July 13, 2015

SHOWBUZZDAILY Season Premiere Review: “Masters of Sex”


MASTERS OF SEX:  Sunday 10PM on Showtime

Turning the lives of sex researchers William Masters and Virginia Johnson into a continuing series was an audacious idea from the start, and Season 2 of MASTERS OF SEX proved a challenging one, less focused and compelling than the first season had been.  Tonight’s first episode of Season 3 was a strong hour that, due to its quasi-“bottle show” structure, didn’t necessarily say much about how the rest of the season will go.

The episode, written by series creator Michelle Ashford and directed by Jeremy Webb, pushed forward the action by several years to a framing sequence set in late 1965 in which Masters (Michael Sheen) and Johnson (Lizzy Caplan) finally presented their upcoming and long-gestating book to an advance press conference.  The main action, however, took place 4 months earlier, over a weekend spent at a vacation house outside St. Louis by Bill, Virginia, Bill’s still-wife Libby (Caitlin Fitzgerald) and their respective (heavily fictionalized) children, Virginia’s teens Tessa (Isabelle Fuhrman) and Henry (Noah Robbins), and Libby and Bill’s younger kids, as Bill made a doomed attempt to proofread the galleys of the book amidst family disarray.

The hour packed a great deal into its small space and cast, from the changing times (Henry was having sex with a local single mom, while Tessa was belting back the house’s liquor and making a sad attempt to seduce Bill) to the endlessly complicated relationships among the three adults, who were essentially sharing a marriage at this point, although only at the end of the episode did Libby broach the subject out loud.  There were even allusions to Vietnam (Henry was planning to enlist) and the civil rights movement (much on Libby’s mind, although it wasn’t clear whether she was still involved with Season 2’s black activist or if her concern was more general).  As usual, it was sparked by the superb performances of the three stars, who have inhabited these characters long enough that just a glance or intonation can call us back to things we learned about them over the past 2 seasons.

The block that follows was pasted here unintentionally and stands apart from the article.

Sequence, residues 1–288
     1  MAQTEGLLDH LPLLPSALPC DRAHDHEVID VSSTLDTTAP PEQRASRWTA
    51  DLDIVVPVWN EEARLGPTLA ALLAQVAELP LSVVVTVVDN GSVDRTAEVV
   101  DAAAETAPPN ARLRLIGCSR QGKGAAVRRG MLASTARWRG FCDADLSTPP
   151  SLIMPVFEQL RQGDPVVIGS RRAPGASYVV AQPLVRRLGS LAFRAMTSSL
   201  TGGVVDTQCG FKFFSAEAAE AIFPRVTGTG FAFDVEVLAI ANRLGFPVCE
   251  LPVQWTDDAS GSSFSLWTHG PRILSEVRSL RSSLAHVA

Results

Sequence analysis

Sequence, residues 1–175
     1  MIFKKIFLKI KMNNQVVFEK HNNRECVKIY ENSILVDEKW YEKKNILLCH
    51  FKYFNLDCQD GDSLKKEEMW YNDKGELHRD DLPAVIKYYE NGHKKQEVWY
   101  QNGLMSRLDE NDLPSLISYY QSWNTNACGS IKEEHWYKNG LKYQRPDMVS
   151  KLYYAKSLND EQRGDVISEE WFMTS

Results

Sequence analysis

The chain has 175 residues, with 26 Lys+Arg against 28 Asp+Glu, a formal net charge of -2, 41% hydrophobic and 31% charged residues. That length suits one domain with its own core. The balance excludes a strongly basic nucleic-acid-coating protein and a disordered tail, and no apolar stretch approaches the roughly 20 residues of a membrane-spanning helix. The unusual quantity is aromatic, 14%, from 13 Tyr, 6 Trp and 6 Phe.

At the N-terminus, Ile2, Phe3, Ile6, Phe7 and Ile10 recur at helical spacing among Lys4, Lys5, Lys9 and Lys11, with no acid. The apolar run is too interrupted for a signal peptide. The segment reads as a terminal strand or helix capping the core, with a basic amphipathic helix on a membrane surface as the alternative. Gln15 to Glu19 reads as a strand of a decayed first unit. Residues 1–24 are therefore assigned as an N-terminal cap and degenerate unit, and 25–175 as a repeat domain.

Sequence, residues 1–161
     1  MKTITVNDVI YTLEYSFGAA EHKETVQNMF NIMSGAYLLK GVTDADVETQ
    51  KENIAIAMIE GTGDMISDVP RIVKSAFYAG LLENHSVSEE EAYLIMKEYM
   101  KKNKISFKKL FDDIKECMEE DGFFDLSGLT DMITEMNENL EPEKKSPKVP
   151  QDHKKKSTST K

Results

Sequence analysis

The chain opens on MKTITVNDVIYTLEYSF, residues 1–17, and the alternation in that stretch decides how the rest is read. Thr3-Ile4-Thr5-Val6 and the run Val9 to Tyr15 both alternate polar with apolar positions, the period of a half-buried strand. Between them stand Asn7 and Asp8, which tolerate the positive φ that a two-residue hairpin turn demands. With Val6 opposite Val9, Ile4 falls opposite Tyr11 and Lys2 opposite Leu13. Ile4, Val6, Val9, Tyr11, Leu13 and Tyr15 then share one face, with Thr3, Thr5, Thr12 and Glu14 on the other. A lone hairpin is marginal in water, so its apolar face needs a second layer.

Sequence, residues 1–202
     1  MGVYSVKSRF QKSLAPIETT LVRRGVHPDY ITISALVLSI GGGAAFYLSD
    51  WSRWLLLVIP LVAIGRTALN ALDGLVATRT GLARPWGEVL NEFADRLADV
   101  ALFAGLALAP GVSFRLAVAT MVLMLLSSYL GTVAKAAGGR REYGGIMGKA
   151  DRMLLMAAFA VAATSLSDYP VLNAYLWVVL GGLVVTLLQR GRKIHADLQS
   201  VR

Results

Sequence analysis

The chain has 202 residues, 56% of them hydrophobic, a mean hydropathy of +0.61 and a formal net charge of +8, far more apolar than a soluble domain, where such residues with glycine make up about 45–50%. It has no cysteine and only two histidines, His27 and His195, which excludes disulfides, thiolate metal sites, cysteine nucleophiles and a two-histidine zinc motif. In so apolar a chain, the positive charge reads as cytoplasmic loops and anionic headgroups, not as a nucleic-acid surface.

Season 2 got into trouble because it spread its net too widely, so an episode like this, tightly limited to the core characters, showcased Masters at its best, much as the strongest hour of Season 2 was the episode that confined Bill and Virginia to a hotel room and had them go at each other for most of the hour.  (This time, the narrow lens was particularly helpful for Fitzgerald, whose character suffered the most contortions in Season 2.)  It’s unclear whether the rest of the season will maintain this kind of focus or widen again with the publication of the Masters & Johnson book, although the episode’s last-minute reveal of Virginia’s pregnancy will certainly figure into things.   Children seem likely to be a theme of the season, with not just Virginia’s condition and the sexual activity of her children, but Libby’s plea to her not to end Bill’s marriage entirely because of the effect on their kids.

At its best, Masters of Sex is an intelligent, nuanced, beautifully acted and designed drama that brings a different perspective to the period we now think of as the Mad Men era of American life.  Last season, despite some high quality hours, it didn’t quite maintain that standard.  (And its ratings, never high to begin with, fell to the point that its prestige is probably why it’s still on the air.)  The opening hour of the new season was good enough to raise hopes that the series will return to its original level of excellence.


About the Author

Mitch Salem
MITCH SALEM has worked on the business side of the entertainment industry for 20 years, as a senior business affairs executive and attorney for such companies as NBC, ABC, USA, Syfy, Bravo, and BermanBraun Productions, and before that, at the NY law firm of Weil, Gotshal & Manges. During all that, he has more or less constantly been going to the movies and watching TV, and writing about both since the 1980s. His film reviews also currently appear on and In addition, he is co-writer of an episode of the television series "Felicity."